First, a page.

The pressures on Mónica and the roles she plays keep mounting. She used to regularly go shopping and out to lunch with her elderly mother, who lives in her own home but with a full-time caregiver. These days, Jorge often makes it a threesome because she’s afraid to leave him alone. And when Jorge and José get into arguments, Mónica becomes a referee.
Ever the doting grandmother, she now worries about how her grandchild is affected by Jorge’s illness, Sánchez Ayéndez says. The elder Mendozas and the maternal grandparents help with parenting duties and contribute financially. The Mendozas also pay for their granddaughter’s psychological counseling. Just as her father is no longer the vibrant, fun-loving daddy she knew before he left for Iraq, she’s not the same bright, cheerful little girl. Now she gets angry and shuts people out, they say.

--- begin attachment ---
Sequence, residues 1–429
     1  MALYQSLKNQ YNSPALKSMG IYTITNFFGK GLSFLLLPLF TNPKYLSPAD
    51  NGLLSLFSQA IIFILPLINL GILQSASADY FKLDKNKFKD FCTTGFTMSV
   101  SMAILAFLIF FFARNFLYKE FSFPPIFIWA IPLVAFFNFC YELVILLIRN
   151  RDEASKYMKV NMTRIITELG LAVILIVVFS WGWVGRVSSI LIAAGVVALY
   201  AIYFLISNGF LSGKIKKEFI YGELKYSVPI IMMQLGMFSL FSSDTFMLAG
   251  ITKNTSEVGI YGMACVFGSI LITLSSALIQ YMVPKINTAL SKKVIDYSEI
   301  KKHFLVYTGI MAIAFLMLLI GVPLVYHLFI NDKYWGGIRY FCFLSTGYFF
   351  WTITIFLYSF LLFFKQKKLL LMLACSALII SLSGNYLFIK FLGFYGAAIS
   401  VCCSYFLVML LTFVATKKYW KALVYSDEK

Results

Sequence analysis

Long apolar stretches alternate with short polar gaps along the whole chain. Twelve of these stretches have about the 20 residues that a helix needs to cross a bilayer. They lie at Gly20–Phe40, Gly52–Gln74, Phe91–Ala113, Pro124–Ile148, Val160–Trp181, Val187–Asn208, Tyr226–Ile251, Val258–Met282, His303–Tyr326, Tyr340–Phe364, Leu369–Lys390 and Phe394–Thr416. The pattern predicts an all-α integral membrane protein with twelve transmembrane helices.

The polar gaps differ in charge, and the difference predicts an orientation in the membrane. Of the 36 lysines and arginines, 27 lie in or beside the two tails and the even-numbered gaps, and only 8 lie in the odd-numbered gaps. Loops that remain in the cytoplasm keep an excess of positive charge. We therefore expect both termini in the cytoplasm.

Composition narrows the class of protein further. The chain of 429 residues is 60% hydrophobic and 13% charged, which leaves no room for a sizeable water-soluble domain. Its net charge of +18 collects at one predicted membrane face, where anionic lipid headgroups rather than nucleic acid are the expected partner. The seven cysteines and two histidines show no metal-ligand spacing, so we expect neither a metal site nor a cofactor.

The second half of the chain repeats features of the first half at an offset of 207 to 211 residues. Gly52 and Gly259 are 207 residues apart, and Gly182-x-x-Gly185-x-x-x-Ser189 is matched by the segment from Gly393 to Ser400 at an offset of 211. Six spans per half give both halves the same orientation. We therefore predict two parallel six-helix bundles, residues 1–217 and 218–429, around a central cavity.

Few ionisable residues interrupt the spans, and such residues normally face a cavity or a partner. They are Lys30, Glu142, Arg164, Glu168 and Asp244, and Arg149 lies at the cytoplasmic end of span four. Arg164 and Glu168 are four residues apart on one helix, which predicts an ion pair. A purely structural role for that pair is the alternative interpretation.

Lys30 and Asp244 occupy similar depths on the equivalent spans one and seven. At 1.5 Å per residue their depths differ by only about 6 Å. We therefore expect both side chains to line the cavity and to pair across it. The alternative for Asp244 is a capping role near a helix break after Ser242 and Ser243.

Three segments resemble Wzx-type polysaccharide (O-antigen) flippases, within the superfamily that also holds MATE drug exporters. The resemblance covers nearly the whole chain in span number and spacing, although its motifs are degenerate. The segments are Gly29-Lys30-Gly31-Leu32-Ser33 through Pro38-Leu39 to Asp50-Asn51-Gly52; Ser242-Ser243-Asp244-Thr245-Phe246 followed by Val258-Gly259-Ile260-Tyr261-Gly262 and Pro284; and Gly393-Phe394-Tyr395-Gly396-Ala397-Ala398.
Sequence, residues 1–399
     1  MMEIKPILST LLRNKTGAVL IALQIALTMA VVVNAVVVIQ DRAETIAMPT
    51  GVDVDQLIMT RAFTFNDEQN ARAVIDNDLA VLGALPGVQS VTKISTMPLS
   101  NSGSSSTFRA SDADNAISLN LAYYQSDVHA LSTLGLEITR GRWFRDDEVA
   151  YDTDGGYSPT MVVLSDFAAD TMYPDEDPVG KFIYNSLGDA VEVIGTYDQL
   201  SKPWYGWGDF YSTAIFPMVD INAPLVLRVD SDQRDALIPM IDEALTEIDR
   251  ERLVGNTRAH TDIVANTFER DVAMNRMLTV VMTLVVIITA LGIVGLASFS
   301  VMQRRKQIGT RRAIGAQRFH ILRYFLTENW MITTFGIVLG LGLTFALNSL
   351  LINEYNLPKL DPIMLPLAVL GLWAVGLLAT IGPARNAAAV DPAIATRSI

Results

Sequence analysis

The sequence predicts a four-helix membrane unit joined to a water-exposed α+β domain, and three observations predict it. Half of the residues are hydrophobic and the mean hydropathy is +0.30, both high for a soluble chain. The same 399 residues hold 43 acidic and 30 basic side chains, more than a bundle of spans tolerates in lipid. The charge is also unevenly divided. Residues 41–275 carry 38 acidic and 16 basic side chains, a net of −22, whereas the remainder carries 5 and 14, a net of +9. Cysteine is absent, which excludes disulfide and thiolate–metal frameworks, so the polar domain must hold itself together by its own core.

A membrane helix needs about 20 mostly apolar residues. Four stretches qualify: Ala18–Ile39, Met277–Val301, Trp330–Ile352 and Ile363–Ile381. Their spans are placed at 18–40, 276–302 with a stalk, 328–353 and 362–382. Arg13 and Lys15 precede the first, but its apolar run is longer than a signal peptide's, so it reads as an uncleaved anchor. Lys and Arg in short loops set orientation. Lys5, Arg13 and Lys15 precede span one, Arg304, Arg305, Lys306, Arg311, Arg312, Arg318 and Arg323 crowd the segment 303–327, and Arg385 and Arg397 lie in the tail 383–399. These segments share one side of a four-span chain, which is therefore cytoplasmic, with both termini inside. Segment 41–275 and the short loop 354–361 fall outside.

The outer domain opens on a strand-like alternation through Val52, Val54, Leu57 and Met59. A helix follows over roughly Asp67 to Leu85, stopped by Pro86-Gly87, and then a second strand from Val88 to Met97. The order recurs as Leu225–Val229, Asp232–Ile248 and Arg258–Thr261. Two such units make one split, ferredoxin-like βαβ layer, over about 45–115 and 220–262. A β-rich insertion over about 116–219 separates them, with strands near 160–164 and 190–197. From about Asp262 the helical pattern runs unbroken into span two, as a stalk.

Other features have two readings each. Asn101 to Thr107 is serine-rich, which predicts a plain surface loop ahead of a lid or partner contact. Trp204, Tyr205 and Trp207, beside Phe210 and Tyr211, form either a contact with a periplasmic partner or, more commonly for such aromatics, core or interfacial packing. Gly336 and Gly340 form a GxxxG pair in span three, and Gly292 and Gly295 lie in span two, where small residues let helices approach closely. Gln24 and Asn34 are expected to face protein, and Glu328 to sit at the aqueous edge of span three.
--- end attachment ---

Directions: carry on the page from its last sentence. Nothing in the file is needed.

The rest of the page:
Mónica has had to move up her retirement date—but not to retire in the way she had previously envisioned. Once expecting to leave her job at age 62, her last day of employment will be in December 2008, at age 60. That way she can be more involved in her granddaughter’s upbringing and better able to take care of her mother and son.
“If you were to see [Jorge] in line at the movies, you’d never know there was anything wrong with him,” Sánchez Ayéndez says. But very few people know how the Iraq war lives inside his head day in and day out. Or the turn the Mendozas’ lives have taken.
At the Ready
Service is a tradition in Puerto Rico. With more than 7,000 troops—42 percent between age 40 and 60—its Army National Guard is the 18th largest in the nation. Since 9/11, more than 90 percent of the island’s Guard members have been deployed, many for more than one tour of duty. And more than 146,000 veterans live on the island.